The complainant, Chris Miller, said that attempting to interview a Memorial University professor when she had already said no was harassment. He strongly objected to the reporter showing up at the university and interviewing the reluctant subject. CBC policy allows for such interviews, and in this case the policy was followed and the technique justified.
You were disturbed that CBC News approached, recorded and broadcast an interview with a Memorial University professor who had been in the midst of a controversy. The reporter, Carolyn Stokes, approached Professor Ranee Panjabi as she was leaving a classroom and, even though the professor said she would prefer not to be interviewed, they continued talking and recording the conversation as Ms. Panjabi walked through the corridor.
You considered this tactic harassment and completely unnecessary: “I was uncomfortable with what I saw and it was deplorable that Ms. Stokes would not relent even when asked to stop.” In your view what made it worse was that Ms. Panjabi had delivered “a carefully thought out letter” to the CBC News bureau earlier that day, so the news staff had her statement and view of the controversy involving a hard-of-hearing student she said she could not accommodate.
You pointed out that in her written statement she had mentioned she had been the subject of threats. You thought airing an interview would make that worse:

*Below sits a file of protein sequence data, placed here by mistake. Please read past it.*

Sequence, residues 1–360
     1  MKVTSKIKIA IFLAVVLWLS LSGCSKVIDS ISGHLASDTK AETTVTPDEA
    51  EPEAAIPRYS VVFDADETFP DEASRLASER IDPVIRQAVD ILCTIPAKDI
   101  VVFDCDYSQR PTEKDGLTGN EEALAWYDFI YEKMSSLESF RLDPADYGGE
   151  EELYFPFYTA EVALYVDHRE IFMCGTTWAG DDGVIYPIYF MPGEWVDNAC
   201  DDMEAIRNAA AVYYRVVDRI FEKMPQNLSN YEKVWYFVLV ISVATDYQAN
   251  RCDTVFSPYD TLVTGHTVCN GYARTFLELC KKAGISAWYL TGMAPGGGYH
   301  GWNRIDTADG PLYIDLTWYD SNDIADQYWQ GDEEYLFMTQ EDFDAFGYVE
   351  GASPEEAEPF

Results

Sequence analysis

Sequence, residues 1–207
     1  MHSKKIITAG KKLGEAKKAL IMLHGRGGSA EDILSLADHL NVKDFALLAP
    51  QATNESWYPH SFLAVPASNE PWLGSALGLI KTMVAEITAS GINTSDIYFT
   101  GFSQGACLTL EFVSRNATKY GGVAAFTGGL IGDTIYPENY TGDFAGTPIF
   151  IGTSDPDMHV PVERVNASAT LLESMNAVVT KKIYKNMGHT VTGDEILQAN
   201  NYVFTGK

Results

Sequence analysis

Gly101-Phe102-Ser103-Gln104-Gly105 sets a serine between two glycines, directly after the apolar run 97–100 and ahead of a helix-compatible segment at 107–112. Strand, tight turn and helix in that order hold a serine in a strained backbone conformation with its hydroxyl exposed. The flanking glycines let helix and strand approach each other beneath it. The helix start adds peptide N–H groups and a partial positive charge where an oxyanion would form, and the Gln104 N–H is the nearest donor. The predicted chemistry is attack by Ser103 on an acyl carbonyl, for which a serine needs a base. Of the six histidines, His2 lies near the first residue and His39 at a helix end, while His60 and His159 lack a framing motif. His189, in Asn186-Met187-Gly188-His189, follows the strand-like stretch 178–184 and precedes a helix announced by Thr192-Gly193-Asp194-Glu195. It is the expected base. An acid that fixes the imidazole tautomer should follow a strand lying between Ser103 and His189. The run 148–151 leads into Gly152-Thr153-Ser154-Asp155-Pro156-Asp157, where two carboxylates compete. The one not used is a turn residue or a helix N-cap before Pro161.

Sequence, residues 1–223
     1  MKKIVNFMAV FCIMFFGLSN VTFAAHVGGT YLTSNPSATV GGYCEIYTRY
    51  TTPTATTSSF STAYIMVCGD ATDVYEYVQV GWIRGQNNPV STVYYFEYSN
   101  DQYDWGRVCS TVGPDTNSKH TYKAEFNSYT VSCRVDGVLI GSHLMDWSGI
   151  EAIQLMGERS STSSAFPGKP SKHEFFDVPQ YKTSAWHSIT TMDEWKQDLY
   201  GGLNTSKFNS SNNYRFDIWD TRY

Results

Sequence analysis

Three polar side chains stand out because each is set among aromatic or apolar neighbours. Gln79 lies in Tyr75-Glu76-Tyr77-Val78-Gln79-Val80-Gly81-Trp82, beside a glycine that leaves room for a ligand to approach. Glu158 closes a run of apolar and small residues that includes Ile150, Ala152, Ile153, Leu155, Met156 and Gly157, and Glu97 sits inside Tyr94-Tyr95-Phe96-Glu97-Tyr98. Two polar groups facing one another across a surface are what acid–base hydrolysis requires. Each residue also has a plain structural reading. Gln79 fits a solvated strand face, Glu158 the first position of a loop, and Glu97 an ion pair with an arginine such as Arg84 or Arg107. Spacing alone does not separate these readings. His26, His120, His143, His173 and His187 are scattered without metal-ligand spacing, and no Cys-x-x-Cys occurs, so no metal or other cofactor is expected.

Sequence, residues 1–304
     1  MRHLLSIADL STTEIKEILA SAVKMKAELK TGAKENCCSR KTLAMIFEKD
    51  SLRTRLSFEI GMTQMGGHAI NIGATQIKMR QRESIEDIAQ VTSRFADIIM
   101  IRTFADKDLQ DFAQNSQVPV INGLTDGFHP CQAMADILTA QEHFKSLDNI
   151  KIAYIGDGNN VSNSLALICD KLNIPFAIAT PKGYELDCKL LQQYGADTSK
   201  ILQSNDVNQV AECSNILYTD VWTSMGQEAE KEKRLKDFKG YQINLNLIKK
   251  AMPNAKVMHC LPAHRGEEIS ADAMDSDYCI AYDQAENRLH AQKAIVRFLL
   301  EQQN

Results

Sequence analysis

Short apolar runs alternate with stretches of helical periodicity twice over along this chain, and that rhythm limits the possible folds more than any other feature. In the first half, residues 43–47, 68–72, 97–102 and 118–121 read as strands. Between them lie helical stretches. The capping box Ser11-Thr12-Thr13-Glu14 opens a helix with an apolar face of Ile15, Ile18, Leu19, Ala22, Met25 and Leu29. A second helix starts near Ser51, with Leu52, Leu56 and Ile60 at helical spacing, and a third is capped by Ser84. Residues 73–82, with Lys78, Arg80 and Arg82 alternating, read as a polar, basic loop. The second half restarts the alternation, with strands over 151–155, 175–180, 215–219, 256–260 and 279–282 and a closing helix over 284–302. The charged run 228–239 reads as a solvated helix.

Not everyone wants their lives turned into a three ringed circus and this woman certainly doesn’t deserve it. By propagating this type of journalism you are inciting hatred toward minorities.
You also thought that Ms. Panjabi would not have been treated as aggressively “if she wasn’t a minority and claimed the issue was due to religious reasons.” You said the airing of the interview “incited hatred”:
This all comes at a time when hatred toward minorities is at an all time high in our country due to issues with minority freedom. As a Canadian, I have an issue with this being, in my opinion, propagated by our government funded news agency, the CBC. As a taxpayer, I have an issue with this type of reporting and I don't want my tax dollars used to fund this type of journalism.
You added that the biggest issue for you was that the professor had been harassed at her workplace. It was completely unacceptable to follow her down a corridor and into an elevator. What made it even more inappropriate, you said, is that she had already provided CBC a written statement.
The executive producer of news in Newfoundland, Peter Gullage, replied to your concerns. He told you that news staff considered whether or not to approach Ms. Panjabi with a camera over the course of several days. He gave you some of the reasons they decided to go ahead:
Panjabi did not reply to our requests for an interview, and then after the story broke, she did an interview with another station. While she did deliver a letter to CBC, she still refused to acknowledge the receipt of our requests for an interview. There were conflicting answers and explanations so we decided the best approach was to ask her directly for clarification.
He told you that while it was not common to obtain interviews in this fashion, it was an “acceptable journalistic practice at CBC to obtain answers from people at the centre of controversial stories.”